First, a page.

No negative effects of bone impaction grafting with bone and ceramic mixtures

J.J.C. Arts, Jean W.M. Gardeniers, Marianne L.M. Welten, Nico Verdonschot, B. Willem Schreurs, Pieter Buma

Research output: Contribution to journalArticleAcademicpeer-review

30 Citations (Scopus)


Reconstructing large loaded bone defects with ceramic bone graft extenders is tempting considering the expected future donor bone shortage. However, whether there are negative effects is unknown. Standardized large defects in the acetabulum of goats were created and subsequently reconstructed with metal mesh and impacted morselized cancellous bone grafts or a 50/50% volume mixture of tricalcium phosphate-hydroxyapatite granules and morselized cancellous bone grafts using the bone impaction grafting technique. Subsequently, a cemented total hip prosthesis was inserted. Clinically, no differences were observed between groups. Most of the morselized cancellous bone graft had been resorbed and incorporated into new bone after 15 weeks. The large tricalcium phosphate-hydroxyapatite granules were integrated, the smaller crushed tricalcium phosphate-hydroxyapatite granules were surrounded by osteoclasts or engulfed by macrophages and giant cells. The cement penetration into the reconstructive layer and the quality of the bone based on a semiquantitative score were similar in both groups. We found no suggestion of tricalcium-hydroxyapatite granule-induced third-body wear in this short-term followup study. No negative effects were observed in this study, and therefore, it seems reasonable to use tricalcium-hydroxyapatite granules in a 50/50% volume mix with morselized cancellous bone graft as a bone graft extender in acetabular revision surgery with the bone impaction grafting technique.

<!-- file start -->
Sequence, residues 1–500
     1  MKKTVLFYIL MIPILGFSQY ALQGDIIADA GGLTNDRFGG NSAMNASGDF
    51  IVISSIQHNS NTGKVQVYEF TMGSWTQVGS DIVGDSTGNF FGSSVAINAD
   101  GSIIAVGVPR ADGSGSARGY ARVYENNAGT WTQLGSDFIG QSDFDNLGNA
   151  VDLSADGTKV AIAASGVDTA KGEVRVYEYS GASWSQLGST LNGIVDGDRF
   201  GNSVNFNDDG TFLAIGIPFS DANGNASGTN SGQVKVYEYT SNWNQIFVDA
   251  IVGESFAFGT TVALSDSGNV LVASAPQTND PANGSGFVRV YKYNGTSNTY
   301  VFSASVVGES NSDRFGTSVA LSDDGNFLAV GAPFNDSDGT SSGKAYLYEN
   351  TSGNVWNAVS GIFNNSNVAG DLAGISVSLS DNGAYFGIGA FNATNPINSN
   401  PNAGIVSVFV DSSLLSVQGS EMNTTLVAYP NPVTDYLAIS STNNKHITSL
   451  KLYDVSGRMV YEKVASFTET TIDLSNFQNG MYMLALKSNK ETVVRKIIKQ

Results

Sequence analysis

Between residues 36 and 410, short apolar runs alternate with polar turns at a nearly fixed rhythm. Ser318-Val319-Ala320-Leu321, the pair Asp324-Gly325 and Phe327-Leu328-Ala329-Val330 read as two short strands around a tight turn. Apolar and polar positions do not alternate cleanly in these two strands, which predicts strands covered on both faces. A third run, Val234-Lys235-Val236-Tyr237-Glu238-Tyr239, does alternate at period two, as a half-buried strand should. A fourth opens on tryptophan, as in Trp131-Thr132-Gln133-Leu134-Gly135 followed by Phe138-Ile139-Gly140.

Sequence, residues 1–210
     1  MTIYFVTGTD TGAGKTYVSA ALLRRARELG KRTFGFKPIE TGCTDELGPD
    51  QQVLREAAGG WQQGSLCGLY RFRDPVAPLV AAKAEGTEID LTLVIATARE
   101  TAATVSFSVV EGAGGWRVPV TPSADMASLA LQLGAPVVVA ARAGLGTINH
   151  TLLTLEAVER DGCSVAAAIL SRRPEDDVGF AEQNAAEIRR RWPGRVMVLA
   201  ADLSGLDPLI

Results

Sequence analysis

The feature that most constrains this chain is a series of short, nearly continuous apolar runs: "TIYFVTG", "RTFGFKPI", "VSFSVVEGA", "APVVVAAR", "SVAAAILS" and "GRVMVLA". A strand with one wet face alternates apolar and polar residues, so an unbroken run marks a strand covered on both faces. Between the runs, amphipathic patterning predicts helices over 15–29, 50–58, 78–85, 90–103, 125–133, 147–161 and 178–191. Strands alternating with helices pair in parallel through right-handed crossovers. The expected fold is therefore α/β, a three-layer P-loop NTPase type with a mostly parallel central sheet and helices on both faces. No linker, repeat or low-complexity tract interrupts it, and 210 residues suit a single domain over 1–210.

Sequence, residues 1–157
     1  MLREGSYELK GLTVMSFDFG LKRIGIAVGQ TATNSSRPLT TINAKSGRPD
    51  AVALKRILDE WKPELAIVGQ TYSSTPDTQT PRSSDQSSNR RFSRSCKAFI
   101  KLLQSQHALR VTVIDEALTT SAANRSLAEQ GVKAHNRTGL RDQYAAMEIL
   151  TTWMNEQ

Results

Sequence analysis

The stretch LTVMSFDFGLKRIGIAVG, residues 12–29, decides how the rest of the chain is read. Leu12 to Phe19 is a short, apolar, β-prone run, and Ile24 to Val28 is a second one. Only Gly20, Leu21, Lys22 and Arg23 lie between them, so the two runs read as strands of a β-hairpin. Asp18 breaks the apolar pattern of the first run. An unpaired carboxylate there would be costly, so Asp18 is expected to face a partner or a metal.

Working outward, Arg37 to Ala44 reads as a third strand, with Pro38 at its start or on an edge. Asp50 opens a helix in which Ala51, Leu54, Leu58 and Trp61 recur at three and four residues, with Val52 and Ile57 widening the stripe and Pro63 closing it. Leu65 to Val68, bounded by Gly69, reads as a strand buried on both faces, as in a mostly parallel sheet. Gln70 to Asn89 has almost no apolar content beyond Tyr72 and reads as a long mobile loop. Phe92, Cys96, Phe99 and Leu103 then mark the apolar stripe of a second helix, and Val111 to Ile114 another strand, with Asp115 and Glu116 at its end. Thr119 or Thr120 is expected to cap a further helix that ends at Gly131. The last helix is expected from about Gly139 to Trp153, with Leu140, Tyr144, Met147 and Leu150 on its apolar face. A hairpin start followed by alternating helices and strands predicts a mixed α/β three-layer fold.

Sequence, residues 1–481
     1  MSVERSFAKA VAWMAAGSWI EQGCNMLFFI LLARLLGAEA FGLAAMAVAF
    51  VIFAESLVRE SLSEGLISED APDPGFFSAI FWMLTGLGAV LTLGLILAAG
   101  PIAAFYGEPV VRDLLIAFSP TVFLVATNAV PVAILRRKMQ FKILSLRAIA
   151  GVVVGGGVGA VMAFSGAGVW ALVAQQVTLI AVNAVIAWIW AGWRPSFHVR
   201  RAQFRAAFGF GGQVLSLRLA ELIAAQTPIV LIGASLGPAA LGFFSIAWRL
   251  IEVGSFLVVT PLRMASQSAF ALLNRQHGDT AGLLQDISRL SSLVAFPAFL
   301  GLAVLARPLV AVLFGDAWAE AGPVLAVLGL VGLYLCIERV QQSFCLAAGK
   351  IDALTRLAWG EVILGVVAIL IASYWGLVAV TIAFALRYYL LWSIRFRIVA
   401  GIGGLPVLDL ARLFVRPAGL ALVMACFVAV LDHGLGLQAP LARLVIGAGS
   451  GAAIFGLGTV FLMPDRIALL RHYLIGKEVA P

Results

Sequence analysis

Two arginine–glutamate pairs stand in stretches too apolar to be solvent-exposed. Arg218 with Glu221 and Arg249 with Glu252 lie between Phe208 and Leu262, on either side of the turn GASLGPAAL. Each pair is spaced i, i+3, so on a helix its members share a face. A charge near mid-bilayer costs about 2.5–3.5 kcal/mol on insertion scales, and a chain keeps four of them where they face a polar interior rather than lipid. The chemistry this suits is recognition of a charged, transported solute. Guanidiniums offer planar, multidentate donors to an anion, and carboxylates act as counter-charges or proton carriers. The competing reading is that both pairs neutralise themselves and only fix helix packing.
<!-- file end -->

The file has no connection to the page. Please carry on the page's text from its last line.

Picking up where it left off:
Original languageEnglish
Pages (from-to)239-247
Number of pages9
JournalClinical Orthopaedics and Related Research
Issue number438
Publication statusPublished - Sept 2005
Externally publishedYes


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